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Kenya can bail out South Sudan, but with strict conditions

EDITORIAL
By The Standard | August 23rd 2016

That the situation in South Sudan was dire was never in doubt.

Last week's plea by a delegation from South Sudan to Kenya for humanitarian and economic aid must have pressed the panic button across the region.

The time to act is now because South Sudan faces socio-economic ruin unless measures are not taken immediately. The diplomatic heft that US Secretary of State offers for peace and stability cannot be underestimated. The United State's offer of Sh4 billion in humanitarian aid and the pledge for 4,000 peace keepers hopefully will turn the tide.

Evidently, war is expensive. The war that has devoured South Sudan for nearly two years has been compounded by falling international oil prices. Moreover, oil production has dipped to levels last seen before independence in 2011.

A peace deal to end the fighting fell through in April thrusting the mineral-rich and oil-rich country deeper into chaos and anarchy. The hostilities in Africa's newest country have so far claimed more than 10,000 lives and displaced more than 2 million while more than 250,000 have sought refuge within UN peace keeping bases.

Both President Salvar Kiir and his former estranged Vice President Riek Machar have blood on their hands.

And even in spite of that, neither protagonist is willing to take responsibility for the hostilities that erupted in December 2013, barely two years after their hard-earned independence from The Sudan after Mr Kiir sacked Dr Machar. A political row between the two then spiralled into a full-blown armed conflict.

The blame games and apparent lack of sincerity and political goodwill have made it hard to find a permanent solution to this problem. The two come (Mr Kiir and Dr Machar come from two predominant tribes; the Dinka and Nuer respectively). Quite naturally, the conflict took a tribal angle.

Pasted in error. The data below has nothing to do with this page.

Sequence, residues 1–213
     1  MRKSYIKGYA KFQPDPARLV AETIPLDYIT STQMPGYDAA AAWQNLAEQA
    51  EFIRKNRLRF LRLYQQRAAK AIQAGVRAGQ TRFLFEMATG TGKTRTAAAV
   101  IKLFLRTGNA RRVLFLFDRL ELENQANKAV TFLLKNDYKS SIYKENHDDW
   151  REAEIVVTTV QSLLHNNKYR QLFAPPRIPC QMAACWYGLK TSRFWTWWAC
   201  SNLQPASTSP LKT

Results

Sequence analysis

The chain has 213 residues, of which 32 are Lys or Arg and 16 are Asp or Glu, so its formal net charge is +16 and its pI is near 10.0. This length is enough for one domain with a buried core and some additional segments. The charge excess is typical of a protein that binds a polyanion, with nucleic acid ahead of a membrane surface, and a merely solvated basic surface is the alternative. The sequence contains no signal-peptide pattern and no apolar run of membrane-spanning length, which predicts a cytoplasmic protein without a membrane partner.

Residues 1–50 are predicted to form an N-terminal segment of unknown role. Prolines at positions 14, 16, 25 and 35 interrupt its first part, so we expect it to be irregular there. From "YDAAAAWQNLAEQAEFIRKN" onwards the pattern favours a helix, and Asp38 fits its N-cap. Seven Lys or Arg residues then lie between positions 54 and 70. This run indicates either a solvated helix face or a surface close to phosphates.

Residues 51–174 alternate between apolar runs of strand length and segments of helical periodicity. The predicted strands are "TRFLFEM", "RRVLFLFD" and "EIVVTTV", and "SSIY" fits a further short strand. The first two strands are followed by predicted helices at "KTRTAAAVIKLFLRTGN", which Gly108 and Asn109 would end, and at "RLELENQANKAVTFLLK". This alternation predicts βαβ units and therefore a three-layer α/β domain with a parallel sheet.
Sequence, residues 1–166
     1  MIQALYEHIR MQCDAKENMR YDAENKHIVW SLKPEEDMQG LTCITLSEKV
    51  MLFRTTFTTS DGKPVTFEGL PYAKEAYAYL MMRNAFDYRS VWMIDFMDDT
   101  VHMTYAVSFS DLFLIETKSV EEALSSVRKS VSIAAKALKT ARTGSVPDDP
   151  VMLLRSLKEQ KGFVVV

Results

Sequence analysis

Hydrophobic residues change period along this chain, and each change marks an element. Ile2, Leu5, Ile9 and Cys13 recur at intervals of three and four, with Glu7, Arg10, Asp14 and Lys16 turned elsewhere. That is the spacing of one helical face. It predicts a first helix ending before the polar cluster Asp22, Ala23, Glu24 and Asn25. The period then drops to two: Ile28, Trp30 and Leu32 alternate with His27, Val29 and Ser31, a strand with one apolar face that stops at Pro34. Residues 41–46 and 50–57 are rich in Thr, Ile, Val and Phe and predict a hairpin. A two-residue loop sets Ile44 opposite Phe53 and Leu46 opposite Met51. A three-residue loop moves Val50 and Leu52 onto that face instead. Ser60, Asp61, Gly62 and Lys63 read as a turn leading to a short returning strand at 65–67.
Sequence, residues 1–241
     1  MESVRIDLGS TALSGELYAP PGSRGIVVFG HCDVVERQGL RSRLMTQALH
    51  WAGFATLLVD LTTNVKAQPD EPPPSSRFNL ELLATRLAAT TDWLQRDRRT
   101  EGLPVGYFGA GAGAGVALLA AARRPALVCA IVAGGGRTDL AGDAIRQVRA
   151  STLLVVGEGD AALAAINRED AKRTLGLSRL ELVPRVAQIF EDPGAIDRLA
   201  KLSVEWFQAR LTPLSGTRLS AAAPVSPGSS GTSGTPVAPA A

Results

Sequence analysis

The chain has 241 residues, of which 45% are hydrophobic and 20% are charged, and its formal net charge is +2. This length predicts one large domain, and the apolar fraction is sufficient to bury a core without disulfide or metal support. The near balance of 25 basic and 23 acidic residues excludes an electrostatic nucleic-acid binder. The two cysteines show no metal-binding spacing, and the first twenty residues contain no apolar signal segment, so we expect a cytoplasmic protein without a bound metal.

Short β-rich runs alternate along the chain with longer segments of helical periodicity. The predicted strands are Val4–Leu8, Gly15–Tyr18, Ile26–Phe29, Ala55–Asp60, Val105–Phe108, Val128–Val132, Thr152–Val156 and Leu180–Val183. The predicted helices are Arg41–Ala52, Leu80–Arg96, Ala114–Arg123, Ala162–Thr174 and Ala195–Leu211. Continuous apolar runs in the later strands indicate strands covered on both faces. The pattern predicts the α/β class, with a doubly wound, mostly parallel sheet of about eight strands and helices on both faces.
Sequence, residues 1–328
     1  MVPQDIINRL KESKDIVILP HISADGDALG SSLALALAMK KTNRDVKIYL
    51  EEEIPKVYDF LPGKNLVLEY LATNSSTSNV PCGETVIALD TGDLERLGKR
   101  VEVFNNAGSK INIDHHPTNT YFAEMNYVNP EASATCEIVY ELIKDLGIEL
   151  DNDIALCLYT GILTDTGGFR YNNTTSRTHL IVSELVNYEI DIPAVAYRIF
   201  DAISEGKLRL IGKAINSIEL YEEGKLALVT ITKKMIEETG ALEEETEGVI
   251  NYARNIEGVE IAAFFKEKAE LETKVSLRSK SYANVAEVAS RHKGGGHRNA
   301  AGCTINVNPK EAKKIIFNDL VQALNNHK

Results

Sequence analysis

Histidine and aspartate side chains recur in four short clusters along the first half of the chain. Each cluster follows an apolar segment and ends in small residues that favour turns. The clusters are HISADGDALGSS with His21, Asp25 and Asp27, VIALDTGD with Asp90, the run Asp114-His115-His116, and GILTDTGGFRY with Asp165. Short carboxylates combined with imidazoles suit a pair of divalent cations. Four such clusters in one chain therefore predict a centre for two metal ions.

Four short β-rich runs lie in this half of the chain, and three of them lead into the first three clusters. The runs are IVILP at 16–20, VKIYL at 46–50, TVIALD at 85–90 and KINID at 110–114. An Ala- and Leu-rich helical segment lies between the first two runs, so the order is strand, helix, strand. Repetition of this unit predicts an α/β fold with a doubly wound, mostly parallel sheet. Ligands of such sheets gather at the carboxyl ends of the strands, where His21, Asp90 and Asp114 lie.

Though the level of destitution in South Sudan is worrying, Kenya should not give South Sudan a blank cheque. Whereas the extension of food aid and budgetary assistance is compelling enough, this newspaper takes the view that that is akin to treating the symptoms rather than fixing the root cause of the problem.

This newspaper has argued before that regional powers, especially Kenya, have every reason to be concerned about the violence in South Sudan. In any case, Kenya has the levers by which it can force the hand of the two main protagonists; Riek Machar and President Salvar Kiir to choose peace and abandon war-mongering, violence and destruction.

Kenya should make it clear that their family and kin will not enjoy peace and quiet in Nairobi suburbs while they do nothing to stop trouble back at home.

It could for example, slap them with travel restrictions. By slapping the leaders and their families with travel sanctions and freezing their assets, Kenya will have done more to force the feuding parties to the negotiating table.

Ultimately, it is up to the people of South Sudan to decide on the future of their country. But the rest of the region, least of all, Kenya cannot afford to wait and see. Kenya has played a lead role in peace initiatives.

That should continue, but it should make it clear to the warring factions that war is not an option.

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